One of our most recent graduates Samantha Neeve, joins us today to talk to us about completing our Patchwork and Quilting Course (Skill Stage 3).
My sewing journey began when I turned 40. Textiles was never on the school syllabus and nobody in the family had an interest in sewing. Being unable to find curtains for my new home motivated me to enrol onto a four day course making curtains, blinds and cushions.
After buying a weekly patchwork magazine, I became completely addicted to making my first quilt which was pieced entirely by hand as I was too nervous to unbox my new sewing machine. Upon visiting my local sewing shop, I soon became a regular at patchwork workshops and enjoyed meeting like-minded people who shared my passion. This eventually led to a part-time sales assistant in that very shop.
The reason I chose to study for the City & Guilds accredited qualification was for personal gain. A colleague was already studying with School of Stitched Textiles and I was inspired by her work.
I wanted to learn new techniques, design and produce my own work. I particularly enjoyed making a 3D working clock based on the Zytglogge clock tower in Bern, Switzerland. The sides of the clock were different styles of patchwork based on the colours and patterns of the Swiss artist Paul Klee. It was great fun designing the clock and working on all of the different elements. I was also given the opportunity to make my own wall hanging where I incorporated many skills, meeting and overcoming pitfalls along the way, to produce an overall finished piece which gave an enormous sense of achievement.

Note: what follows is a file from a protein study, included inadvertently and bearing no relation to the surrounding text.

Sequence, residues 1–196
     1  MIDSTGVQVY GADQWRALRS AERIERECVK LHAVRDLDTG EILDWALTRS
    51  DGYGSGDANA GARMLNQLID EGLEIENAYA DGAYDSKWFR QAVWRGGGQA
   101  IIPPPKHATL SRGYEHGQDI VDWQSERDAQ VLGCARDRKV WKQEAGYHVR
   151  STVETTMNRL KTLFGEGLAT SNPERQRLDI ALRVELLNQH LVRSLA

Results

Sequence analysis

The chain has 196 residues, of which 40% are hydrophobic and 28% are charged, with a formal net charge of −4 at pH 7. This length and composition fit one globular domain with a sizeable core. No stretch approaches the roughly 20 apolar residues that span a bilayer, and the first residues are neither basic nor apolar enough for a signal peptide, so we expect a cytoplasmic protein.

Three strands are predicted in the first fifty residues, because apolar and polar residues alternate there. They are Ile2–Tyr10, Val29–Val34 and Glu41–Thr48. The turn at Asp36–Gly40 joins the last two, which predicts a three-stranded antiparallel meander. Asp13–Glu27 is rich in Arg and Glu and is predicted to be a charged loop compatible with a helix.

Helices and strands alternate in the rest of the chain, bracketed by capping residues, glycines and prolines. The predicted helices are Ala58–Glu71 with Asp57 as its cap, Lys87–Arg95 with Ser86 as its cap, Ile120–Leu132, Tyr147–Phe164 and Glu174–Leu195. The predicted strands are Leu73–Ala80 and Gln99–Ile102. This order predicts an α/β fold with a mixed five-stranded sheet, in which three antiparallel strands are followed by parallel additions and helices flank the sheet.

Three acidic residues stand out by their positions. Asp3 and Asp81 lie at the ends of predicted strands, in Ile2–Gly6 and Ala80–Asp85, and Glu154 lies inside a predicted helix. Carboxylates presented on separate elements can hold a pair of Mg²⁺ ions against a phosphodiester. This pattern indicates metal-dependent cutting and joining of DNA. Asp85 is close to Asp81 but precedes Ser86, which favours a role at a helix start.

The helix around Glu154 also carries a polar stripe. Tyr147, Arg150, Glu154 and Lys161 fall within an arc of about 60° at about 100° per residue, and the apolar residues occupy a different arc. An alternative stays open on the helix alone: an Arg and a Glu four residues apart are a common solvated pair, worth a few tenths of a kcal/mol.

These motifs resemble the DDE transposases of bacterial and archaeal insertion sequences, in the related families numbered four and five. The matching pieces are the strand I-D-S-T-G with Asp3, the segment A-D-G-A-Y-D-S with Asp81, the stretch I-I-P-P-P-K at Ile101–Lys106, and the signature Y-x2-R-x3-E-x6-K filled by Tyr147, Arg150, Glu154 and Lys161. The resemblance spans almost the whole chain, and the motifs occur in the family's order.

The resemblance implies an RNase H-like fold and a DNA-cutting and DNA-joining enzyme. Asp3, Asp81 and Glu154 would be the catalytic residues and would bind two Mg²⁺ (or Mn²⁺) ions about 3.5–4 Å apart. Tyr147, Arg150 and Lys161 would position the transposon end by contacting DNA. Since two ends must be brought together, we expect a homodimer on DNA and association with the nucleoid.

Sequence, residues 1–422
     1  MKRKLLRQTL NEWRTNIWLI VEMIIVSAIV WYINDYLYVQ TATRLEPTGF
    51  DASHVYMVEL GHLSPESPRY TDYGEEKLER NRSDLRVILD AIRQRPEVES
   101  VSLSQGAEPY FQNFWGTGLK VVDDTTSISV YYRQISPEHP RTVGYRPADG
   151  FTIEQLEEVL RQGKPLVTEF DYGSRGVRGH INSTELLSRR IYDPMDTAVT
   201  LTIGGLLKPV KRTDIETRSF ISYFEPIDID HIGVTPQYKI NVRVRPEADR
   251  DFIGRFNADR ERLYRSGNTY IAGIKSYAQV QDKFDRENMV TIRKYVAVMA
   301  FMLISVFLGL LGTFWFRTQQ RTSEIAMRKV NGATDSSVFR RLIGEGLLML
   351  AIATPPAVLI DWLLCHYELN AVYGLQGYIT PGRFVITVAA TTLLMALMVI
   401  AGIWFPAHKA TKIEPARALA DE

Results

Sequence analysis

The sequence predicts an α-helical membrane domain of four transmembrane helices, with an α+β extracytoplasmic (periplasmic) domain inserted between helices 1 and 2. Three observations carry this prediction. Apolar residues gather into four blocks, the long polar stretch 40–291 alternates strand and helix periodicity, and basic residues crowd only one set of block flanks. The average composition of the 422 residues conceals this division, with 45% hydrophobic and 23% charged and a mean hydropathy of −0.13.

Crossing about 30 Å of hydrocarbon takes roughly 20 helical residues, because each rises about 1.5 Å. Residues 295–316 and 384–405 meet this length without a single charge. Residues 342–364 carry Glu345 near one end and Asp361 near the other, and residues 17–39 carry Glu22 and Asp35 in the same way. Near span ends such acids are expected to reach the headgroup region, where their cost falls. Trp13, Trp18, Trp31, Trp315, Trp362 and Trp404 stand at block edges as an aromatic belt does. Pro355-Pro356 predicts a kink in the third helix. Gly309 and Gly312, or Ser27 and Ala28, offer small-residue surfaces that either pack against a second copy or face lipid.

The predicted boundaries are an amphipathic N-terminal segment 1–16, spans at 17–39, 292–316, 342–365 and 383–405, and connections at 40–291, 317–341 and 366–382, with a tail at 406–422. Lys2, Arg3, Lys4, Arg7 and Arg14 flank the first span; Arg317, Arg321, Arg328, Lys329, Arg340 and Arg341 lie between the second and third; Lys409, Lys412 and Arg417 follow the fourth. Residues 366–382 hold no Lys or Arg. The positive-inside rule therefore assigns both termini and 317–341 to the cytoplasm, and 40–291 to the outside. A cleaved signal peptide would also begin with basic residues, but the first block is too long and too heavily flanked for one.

Studying for the qualification gave me confidence to try new techniques such as dyeing fabrics. It was useful producing small fabric samples which I could then practice free motion quilting on without the worry of ruining a large quilt. It was useful to be able to tackle the modules knowing that I had a tutor on hand to help and I was able to view past students work.
Personally the most valuable part of the course for me was the one I was most doubtful about in the beginning which was studying artists work. I always navigated towards reds and oranges but after studying and producing work based on the artists colours and styles this really changed the way I view colour. A recent highlight for me was when I recognised one of Kandinsky’s works on University Challenge. My husband hadn’t realised I was such an art connoisseur.
Since finishing the course my quilts now contain a wider colour palette. Now, when I’m tackling new projects I tend to find myself reading through the instructions and then trying to work out how I would approach it. I now have the confidence to delve into my huge pile of pieced quilts and to free motion them myself rather than sending them to be long arm quilted. One day I would like to open the patchwork shop of my dreams. In the meantime I will continue to make quilts incorporating the skills I have learnt on my journey.